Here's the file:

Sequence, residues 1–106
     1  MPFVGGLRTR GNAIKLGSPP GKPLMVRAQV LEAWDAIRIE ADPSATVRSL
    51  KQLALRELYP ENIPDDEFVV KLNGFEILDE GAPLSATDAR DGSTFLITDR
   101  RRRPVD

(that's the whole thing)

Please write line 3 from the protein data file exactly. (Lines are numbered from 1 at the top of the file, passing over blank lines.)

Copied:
    51  KQLALRELYP ENIPDDEFVV KLNGFEILDE GAPLSATDAR DGSTFLITDR